But Tokyo has largely turned a deaf ear to the demands, acknowledging the island’s geographic importance to Japan and the United States, its ally, in the face of China’s growing military presence. Their frustrations have sometimes been directed at Okinawans of mixed descent, who are generally assumed to be related to base personnel even if they are not, experts say.
Between 2011 and 2020, an estimated 200–300 children are born in Okinawa each year to an American parent, mostly soldiers or civilian base employees.
Many children of such parentage, also known as Amerasians, end up being raised by single Japanese mothers after divorce or separation, experts say, causing them to feel detached from the culture. of their father while living as semi-strangers in a close-knit environment. Okinawan community.
Photo shows Ai Oyafuso holding a paper cup at his coffee stand in Motobu, Okinawa on April 21, 2022. (Kyodo)
Ai Oyafuso, a 39-year-old shop owner whose father is an African American former US soldier, says being called names such as “Amerika” and “Kuronbo” (the N-word in Japanese) was common in the school when she was growing up.
A resident of Motobu in northern Okinawa, she recalls even old people, whom she thought were supposed to be sensible and thoughtful, calling her such names while walking down the street.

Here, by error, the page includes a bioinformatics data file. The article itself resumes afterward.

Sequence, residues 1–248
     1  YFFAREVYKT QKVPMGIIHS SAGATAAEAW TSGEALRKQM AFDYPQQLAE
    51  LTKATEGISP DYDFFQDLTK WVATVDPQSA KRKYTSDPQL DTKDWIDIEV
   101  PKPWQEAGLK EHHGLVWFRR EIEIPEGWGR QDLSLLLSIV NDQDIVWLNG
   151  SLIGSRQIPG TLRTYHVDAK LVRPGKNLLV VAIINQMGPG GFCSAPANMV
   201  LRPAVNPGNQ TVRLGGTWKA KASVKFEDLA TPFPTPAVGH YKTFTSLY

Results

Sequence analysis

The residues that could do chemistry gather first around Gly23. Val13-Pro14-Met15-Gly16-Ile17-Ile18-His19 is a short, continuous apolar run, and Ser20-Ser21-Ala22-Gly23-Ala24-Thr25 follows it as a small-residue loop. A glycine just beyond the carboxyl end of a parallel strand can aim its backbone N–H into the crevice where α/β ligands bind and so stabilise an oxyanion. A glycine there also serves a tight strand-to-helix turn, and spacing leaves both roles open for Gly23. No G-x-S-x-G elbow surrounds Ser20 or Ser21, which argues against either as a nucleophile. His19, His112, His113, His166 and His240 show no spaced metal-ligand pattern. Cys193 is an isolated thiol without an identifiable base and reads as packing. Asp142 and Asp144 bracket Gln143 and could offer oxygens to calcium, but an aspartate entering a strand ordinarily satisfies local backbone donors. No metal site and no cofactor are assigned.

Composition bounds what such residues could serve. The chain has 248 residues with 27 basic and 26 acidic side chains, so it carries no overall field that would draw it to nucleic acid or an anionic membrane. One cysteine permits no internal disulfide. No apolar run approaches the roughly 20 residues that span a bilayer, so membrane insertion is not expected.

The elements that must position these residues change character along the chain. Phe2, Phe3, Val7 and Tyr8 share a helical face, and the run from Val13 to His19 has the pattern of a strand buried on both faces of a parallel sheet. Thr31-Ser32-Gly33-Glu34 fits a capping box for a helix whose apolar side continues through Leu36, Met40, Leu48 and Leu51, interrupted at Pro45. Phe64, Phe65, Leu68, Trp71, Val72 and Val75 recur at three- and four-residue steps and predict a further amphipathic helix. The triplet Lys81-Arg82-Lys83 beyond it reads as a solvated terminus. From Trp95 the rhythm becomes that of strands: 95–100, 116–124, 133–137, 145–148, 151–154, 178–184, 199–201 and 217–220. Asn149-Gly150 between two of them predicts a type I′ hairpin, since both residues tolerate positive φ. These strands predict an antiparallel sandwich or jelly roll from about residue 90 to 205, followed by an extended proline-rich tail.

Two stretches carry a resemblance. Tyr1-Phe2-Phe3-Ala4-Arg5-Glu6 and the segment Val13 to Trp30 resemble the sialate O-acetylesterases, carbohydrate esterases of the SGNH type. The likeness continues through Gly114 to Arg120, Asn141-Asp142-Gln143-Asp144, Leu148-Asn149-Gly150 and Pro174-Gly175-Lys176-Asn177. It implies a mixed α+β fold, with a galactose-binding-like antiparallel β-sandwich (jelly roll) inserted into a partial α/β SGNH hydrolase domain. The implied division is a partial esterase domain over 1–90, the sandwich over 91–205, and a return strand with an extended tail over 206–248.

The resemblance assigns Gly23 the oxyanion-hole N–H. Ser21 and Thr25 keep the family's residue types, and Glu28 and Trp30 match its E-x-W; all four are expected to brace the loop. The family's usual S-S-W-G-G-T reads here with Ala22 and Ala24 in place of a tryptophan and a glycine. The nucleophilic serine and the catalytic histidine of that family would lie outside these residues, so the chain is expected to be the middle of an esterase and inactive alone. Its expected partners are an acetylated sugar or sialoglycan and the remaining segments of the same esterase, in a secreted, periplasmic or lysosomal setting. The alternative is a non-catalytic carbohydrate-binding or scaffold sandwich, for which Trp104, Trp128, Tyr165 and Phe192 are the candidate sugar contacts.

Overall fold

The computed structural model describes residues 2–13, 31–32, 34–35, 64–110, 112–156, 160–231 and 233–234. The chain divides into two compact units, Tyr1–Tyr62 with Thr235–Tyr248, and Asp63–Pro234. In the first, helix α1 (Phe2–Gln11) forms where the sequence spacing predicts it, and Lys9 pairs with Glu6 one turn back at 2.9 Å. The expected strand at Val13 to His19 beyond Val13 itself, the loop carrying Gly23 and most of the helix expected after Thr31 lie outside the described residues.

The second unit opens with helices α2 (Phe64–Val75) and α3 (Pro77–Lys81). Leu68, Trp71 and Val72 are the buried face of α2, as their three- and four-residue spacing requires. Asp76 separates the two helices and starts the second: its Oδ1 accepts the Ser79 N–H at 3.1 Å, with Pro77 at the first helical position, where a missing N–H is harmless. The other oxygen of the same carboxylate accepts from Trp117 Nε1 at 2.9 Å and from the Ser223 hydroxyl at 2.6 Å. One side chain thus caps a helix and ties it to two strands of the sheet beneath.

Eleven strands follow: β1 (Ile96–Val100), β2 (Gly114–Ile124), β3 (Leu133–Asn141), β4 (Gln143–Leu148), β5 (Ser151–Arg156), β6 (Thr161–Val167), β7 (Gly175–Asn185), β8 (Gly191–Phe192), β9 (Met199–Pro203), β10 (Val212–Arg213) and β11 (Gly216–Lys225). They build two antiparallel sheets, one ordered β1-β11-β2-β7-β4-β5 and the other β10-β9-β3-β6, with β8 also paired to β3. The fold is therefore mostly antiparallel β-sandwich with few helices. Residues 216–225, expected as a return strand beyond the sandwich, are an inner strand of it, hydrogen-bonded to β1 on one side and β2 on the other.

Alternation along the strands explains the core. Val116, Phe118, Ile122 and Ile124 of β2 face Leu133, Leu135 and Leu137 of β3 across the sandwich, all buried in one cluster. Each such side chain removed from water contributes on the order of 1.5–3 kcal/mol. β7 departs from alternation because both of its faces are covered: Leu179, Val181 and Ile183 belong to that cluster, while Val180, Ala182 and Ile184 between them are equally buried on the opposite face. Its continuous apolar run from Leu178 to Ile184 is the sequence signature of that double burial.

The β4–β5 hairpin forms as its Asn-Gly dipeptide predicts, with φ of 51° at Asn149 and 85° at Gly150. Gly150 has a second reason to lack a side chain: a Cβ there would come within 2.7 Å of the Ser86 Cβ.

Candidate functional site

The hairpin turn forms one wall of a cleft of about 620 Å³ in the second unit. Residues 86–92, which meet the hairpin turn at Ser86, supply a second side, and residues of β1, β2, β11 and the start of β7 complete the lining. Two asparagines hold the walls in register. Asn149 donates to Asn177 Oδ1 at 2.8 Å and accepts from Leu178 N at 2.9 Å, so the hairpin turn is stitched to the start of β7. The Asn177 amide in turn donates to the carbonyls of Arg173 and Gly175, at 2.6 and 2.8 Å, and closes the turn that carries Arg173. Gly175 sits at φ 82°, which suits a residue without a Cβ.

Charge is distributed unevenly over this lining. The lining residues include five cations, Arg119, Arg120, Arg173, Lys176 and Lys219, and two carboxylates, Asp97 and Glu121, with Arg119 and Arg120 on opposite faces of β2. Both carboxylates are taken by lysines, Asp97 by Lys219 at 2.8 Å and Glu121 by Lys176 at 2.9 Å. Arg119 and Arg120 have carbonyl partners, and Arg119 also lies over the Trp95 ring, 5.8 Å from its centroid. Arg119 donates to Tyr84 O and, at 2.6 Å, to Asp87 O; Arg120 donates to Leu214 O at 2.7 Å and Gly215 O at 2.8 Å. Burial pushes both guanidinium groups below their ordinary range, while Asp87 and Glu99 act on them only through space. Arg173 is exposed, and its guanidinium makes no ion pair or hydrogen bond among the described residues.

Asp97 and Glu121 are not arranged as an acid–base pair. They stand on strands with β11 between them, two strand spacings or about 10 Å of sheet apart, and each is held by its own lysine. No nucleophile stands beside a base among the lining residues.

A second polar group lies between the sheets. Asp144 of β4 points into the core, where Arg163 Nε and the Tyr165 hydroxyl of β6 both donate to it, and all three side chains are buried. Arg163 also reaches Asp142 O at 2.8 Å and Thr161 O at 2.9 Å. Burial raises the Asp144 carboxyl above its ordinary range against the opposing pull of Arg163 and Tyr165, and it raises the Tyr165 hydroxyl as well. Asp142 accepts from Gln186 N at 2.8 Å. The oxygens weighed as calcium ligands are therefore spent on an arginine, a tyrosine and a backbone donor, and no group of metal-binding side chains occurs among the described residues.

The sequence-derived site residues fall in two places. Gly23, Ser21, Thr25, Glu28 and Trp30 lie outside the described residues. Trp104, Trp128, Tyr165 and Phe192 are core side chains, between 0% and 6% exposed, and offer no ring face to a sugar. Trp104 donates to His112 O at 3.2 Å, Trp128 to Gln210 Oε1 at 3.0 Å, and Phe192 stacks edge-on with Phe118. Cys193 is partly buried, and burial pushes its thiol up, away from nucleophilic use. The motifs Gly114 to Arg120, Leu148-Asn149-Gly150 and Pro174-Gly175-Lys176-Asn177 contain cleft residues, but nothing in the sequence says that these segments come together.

“I was born and raised among Uchinanchu (Okinawaans) in Okinawa, but I was never Uchinanchu myself,” said Oyafuso, who was separated from her father when she was 4 years old.
Now married with four children, she says the situation hasn’t changed since she was a child. Several months ago she was shocked to learn that her daughter’s primary school classmates had smeared ink on their skin during calligraphy class and said: ‘We are black’ .
“When I was a child, I believed that society would become free from discrimination when I grew up,” Oyafuso said. “But I feel like I’m starting my life over again.”
Having a father who once worked for the U.S. military always left her with mixed feelings about their presence: while she was repeatedly taught to cherish peace at school while growing up in Okinawa, turning one’s back on the US military presence was like denying it a father, she says.
But when the deployment in Okinawa of the American plane Marine Osprey, known for its frequent accidents, was decided about ten years ago in spite of strong opposition from the inhabitants, it recovered from its internal conflict.